My Hometown Stands with the Lions

The Gaskin Lion

His creator made him ferocious. He was cast as strong and defiant, facing his foes. When made he was given no name because, in those bygone days, anyone approaching him knew exactly what he stood for. Even in our time he remains known as “the king of beasts,” the lion. So, from whenever he first turned up in the King’s Town, this cast-iron creature was an unambiguously muscular expression of imperial power, an evocative symbol of the British Empire. Most certainly that is why he was planted on the Clergy Street lawn of Captain John Gaskin. Not only a devout Orangeman, that is an anti-immigrant, anti-Catholic, and anti-Jesuit bigot, Gaskin was also a long-serving alderman, businessman and even elected as Kingston’s mayor. Following his death, in 1908, his lion was gifted to the city. Ever since it has guarded the same green space that Gaskin helped set aside to honour his fellow Kingstonian: it remains known as Macdonald Park.

Of course the passage of time wears away at statues and stories. Not surprisingly, the “Gaskin Lion” (as we took to calling him) was showing his age by 2010 – a punctured paw, rust around the edges, a back worn shiny by visitors’ bottoms. To commemorate the 100th anniversary of Ukrainian settlement in Kingston we resurrected Gaskin’s beastie. What you can see on the trilingual Kingston Remembers plaques nearby are photographs of the “Gaskin Lion” taken between 1910 and 2010. And the statue’s story is provided not only in English, French, and Ukrainian but in braille for all three languages, the only plaques of their kind in this world.

The other day something remarkable happened there. I don’t know who organized it (and admit I wish I’d thought of this) but the lion was decorated with a garland of paper sunflowers – the national flower of Ukraine – and adorned with stones painted in the blue and yellow colours of Ukraine’s flag, positioned around the statue’s base. Two were marked with a Ukrainian tryzub (trident) the others with the phrases Слава Україні! (Glory to Ukraine!) and Українці леви (Ukrainians are lions.) Watching Ukraine’s dogged resistance to Russia’s genocidal agenda confirms that Ukrainians are lions indeed. The world knows it. And even Putin has been taught this fact, the hard way.

Since Russia launched its war against Ukrainians, many Kingstonians have rallied in support of the underdog. There have been several well-attended demonstrations in front of City Hall. Funds have been raised for students from Ukraine studying at St Lawrence College and Queen’s University. Recently, Mayor Bryan Paterson moved, and Council unanimously approved, a Ukrainian flag being unfurled over City Hall. It will fly “for the duration” – Kingston stands with Kyiv! Other citizens privately organized an airlift bringing children suffering from cancer to Toronto’s Sick Kids Hospital. And plans are afoot to help Ukrainian refugees resettle in Kingston, just as my parents were offered asylum here, 73 years ago.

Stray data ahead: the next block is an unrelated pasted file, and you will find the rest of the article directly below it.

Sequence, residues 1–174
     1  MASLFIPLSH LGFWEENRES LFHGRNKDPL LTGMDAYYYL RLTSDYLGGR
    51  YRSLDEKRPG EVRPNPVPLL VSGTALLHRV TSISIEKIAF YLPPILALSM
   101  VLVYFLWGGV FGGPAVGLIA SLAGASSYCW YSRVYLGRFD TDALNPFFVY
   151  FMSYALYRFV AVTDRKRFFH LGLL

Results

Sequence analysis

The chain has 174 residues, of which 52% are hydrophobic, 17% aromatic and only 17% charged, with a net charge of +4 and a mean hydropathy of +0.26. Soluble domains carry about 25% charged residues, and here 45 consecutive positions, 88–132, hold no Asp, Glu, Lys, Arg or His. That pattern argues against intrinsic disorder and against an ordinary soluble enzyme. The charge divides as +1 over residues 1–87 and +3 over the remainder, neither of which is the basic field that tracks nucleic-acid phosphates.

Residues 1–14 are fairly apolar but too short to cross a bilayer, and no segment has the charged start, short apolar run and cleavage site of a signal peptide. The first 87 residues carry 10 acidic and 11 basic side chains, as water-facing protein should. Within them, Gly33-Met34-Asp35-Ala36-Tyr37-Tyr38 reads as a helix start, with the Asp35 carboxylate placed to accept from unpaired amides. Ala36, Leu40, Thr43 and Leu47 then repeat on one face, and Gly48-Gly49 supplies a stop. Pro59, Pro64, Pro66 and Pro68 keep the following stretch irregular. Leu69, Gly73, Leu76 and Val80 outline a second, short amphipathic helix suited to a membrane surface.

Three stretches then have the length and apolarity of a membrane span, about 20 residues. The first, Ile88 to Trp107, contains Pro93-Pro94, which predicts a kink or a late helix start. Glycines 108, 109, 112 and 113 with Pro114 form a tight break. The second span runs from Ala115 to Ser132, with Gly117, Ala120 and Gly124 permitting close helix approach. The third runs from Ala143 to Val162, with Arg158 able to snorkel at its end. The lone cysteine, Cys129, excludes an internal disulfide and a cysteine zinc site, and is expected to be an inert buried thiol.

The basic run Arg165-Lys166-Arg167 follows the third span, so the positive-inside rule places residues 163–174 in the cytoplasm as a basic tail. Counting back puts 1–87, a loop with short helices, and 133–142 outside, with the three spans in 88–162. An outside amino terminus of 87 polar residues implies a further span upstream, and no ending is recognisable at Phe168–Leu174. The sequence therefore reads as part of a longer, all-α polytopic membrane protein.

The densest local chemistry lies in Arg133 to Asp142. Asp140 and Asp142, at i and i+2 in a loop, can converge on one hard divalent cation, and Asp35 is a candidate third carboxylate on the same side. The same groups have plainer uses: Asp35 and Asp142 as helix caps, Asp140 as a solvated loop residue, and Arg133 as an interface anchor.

I still remember being plunked onto the “Gaskin Lion” to have my photograph taken by my father. I had no inkling that someday I would study the historical geography of Ukrainians in Kingston or write about those given a chance to rebuild their lives in Canada following the Second World War, much less that I would be helping another wave of Ukrainian victims of war, fleeing yet another murderous thug, at the end of my career. Some of these displaced persons will settle in our region. Eventually, I’ll invite them to the “Gaskin Lion” and have photographs taken there, confirming their ties to Kingston. I’m fairly certain at least one departed Orangeman would not be amused. But I don’t care. This is our lion now. And our city.

Those last lines may appear unforgiving, even harsh. But understand me – we aren’t calling for Gaskin’s portrait to be removed from City Hall, nor that he be erased from Kingston’s history. He was here, he believed what he did, and we know what he was – amen. Instead of censuring unpalatable bits of history, we’d rather contribute to Kingston’s evolving story, shaping our shared future instead of wallowing in, much less wailing on about, an unalterable past. Ukrainians have lived in Kingston for many decades. We have seen the kind of city it has become. We know Canada has (almost always) been good. And now we are witnessing our fellow citizens support Ukraine, a nation fighting hard to secure the very same freedoms Canadians already enjoy. So, as I listen to those distant Ukrainians, roaring as one and defying the hyaena in the Kremlin, I take comfort in knowing my hometown stands with the lions. Thank you! Дякую!

About the Author
Born in Kingston, Ontario, the son of Ukrainian political refugees, Lubomyr was educated at Queen's University, the University of Alberta and, since 1990, has been a professor of political geography at The Royal Military College of Canada. He is also a Fellow of the Chair of Ukrainian Studies at the University of Toronto and, in 2019, was distinguished by President Volodymyr Zelinsky with Ukraine's Cross of Ivan Mazepa.
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